Saturday, April 2, 2011

Why did the prestige of science and engineering decline in the US?

I just finished reading The Great Stagnation a couple of days ago and enjoyed it very much.  There's a lot there to think about -- especially about technological changes, even for an STS-er.  Plus the book is only about 20000 words -- go for it!

In the chapter "Can we fix things?" Cowen offers the following policy prescription: "Raise the social status of scientists."  And by social status he seems to mean something like: "do something that makes doing science something more young people aspire to."  (And remember this book is specifically about the United States.)

I think that is exactly right.  But I'm curious: does anyone have any ideas why the social status of science (and I presume, engineering and technology) declined in the US?  And when it started to decline?  I am starting to get particularly interested in this question.  Any books, articles, or your own hypotheses that you think are relevant to this?


Please leave your response in the comments.

19 comments:

Nigel said...

Climate change denialism, tea party creationists, anti green power (wind and small hydro) nimbys, on and on.

bradshaw1965 said...

The percentage of smart people working in finance trended much higher then science and engineering. Fake disciplines like "Financial Engineering" thus became paramount. Institutions supported these changes.

caseydk said...

As an actual Electrical Engineering grad (Rose-Hulman, 2001), here's what I see:

* Brad has a good point with all the fake "engineering" titles diminishing the field. Engineering is a discipline and a specific foundation of knowledge.. I have no clue what those other knuckleheads have studied, let alone understand.

* We've been told for a decade that all technical jobs will move overseas. Unfortunately, as the media beats that drum, they can make it self-fulfilling as they discourage and entire generation away.

* We have an entire society that believes more education means more intelligence. Living in DC, I can't even count the number of times a PhD in Theatre or a MA Fine Arts outright told me that they were smarter than my "little bachelors".

* On the output side of things, the system is geared towards the lower end instead of us... tax deductions for student loans start to decline at 50k and are gone by 80k annual income. The average starting salary from Rose Hulman last year was in the high 50's.

* And finally, we have a government that generally believes we (as a population) and dumb and need to be taken care of.. where other governments see the value of innovation and get the hell out of the way.

Oddly enough, I'll cite China as an *improving* example of this and I think it's due to the makeup of their leadership:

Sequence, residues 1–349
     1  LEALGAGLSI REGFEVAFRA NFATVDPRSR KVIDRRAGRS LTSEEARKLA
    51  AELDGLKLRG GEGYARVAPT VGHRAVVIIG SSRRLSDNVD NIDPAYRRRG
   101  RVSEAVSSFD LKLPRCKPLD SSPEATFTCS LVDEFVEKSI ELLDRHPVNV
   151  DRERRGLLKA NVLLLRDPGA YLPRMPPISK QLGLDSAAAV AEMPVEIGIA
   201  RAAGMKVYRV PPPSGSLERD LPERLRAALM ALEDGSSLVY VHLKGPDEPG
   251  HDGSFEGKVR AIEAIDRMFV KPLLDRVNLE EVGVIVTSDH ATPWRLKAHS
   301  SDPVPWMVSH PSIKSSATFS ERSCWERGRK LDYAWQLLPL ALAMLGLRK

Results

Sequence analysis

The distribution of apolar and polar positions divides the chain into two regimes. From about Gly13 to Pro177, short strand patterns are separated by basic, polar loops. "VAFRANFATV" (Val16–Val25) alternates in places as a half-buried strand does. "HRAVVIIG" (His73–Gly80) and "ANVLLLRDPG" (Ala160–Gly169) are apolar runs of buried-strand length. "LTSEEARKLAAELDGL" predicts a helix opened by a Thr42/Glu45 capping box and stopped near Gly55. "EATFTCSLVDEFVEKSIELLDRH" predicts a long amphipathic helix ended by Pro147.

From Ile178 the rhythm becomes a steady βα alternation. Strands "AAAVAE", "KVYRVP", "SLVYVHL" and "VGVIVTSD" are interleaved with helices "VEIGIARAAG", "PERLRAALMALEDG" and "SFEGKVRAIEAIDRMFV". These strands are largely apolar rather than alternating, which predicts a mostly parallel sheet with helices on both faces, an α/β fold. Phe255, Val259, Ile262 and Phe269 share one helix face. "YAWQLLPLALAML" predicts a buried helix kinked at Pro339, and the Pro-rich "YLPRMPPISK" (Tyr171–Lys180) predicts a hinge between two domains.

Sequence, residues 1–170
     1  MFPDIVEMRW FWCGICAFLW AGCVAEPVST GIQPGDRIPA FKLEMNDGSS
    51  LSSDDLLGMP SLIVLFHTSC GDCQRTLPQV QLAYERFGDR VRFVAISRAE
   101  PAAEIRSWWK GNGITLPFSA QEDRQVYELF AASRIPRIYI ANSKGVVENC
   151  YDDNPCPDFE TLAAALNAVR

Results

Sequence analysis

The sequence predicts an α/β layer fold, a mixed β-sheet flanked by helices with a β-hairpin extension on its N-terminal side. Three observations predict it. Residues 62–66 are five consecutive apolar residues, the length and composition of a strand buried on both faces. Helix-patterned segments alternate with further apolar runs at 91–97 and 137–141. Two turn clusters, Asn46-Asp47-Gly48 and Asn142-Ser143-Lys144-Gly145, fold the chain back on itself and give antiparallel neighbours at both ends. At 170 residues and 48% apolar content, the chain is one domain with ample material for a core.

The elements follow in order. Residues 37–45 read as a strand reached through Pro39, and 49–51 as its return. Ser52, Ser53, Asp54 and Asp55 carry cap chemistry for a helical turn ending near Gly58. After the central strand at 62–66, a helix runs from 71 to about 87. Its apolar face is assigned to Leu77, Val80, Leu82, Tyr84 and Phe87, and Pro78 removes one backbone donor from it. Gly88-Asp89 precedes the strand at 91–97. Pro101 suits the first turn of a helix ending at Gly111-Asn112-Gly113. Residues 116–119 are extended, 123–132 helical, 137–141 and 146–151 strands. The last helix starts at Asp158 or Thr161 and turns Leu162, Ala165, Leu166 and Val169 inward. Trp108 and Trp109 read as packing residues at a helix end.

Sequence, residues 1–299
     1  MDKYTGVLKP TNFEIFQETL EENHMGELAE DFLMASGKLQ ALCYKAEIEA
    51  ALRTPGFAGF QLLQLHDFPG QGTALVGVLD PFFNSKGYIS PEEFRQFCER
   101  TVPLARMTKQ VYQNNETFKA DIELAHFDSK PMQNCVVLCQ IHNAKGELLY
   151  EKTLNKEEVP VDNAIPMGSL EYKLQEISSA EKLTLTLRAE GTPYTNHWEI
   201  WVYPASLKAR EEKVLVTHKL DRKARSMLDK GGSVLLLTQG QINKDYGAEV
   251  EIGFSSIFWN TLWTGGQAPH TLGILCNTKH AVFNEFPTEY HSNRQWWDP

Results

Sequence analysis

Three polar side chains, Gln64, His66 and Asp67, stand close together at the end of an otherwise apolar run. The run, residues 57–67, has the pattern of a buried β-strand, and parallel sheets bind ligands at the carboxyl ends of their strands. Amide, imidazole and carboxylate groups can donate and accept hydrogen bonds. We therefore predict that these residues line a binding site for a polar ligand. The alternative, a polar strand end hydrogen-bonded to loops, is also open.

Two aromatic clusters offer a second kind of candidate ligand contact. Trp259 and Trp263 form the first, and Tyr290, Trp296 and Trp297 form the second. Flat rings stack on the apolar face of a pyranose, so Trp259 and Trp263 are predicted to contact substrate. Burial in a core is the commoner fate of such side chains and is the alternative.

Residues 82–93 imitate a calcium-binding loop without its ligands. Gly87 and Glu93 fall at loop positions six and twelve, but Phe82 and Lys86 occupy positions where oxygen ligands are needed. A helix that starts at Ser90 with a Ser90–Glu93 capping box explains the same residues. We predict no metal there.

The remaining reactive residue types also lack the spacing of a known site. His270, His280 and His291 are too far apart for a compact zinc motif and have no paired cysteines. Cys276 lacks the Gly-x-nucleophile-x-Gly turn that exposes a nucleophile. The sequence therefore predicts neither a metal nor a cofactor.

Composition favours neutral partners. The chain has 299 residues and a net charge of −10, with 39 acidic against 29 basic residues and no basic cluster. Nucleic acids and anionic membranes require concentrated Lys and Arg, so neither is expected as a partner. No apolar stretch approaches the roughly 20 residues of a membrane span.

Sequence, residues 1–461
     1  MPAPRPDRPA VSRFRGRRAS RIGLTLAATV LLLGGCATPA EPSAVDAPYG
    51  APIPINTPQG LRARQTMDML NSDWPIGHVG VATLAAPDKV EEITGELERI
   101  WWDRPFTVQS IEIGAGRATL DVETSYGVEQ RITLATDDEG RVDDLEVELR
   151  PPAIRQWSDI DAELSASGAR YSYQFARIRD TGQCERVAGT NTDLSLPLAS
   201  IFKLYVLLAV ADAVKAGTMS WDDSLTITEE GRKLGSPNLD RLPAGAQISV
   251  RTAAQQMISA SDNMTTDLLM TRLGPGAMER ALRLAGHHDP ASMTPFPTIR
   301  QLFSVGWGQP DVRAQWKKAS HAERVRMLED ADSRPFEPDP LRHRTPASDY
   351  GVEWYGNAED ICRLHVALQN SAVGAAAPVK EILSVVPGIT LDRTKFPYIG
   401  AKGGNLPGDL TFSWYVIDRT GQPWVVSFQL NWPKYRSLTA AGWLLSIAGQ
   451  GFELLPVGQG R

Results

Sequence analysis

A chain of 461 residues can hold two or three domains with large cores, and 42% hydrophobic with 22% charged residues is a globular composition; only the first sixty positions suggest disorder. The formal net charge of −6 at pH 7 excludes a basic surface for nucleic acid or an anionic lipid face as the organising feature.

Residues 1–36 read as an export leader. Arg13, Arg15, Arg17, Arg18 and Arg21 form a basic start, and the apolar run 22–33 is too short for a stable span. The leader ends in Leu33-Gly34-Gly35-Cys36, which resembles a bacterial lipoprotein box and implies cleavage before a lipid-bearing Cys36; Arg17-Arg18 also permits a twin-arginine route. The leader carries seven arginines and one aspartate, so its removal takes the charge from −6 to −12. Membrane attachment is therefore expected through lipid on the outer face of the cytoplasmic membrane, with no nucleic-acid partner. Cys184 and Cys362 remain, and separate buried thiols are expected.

* In the US, the top of the Obama Administration is mostly lawyers and/or mostly from Harvard. Over half the Senators were/are lawyers. The last President with technical/scientific training past Chem 101 was Herbert Hoover.. 80 years ago.

* On the other hand, China's president was a hydraulic engineer and the Communist Politburo is eight engineers and a lawyer.
Source: http://www.economist.com/node/13496638

Which country do *you* think values scientists and engineering more?

(Now I feel dirty for celebrating something about China's political leadership.)

jimrandomh said...

"Lies propagate, that's what I'm saying. You've got to tell more lies to cover them up, lie about every fact that's connected to the first lie. And if you kept on lying, and you kept on trying to cover it up, sooner or later you'd even have to start lying about the general laws of thought. Like, someone is selling you some kind of alternative medicine that doesn't work, and any double-blind experimental study will confirm that it doesn't work. So if someone wants to go on defending the lie, they've got to get you to disbelieve in the experimental method. Like, the experimental method is just for merely scientific kinds of medicine, not amazing alternative medicine like theirs. Or a good and virtuous person should believe as strongly as they can, no matter what the evidence says. Or truth doesn't exist and there's no such thing as objective reality. A lot of common wisdom like that isn't just mistaken, it's anti-epistemology, it's systematically wrong. Every rule of rationality that tells you how to find the truth, there's someone out there who needs you to believe the opposite. If you once tell a lie, the truth is ever after your enemy; and there's a lot of people out there telling lies" -- Harry Potter and the Methods of Rationality by Eliezer Yudkowsky

The truth is that in an argument between a scientist or engineer and someone who is neither of these things, the scientist/engineer is usually right. Unfortunately, politicians sometimes get into arguments with individual scientists, or worse with the entire scientific community, and so they have to convince people that this is not true.

André-Francois Landry said...

Came across a great documentary by Adam Curtis about the rise of science and atomic power after WWII.

And then, the pression put on science by politics and commerce which led to failure to fulfill the promises that had been made by science which brings us to today where science is not trusted anymore.

Worth watching...

A is for Atom, third part of Pandora's Box by Adam Curtis :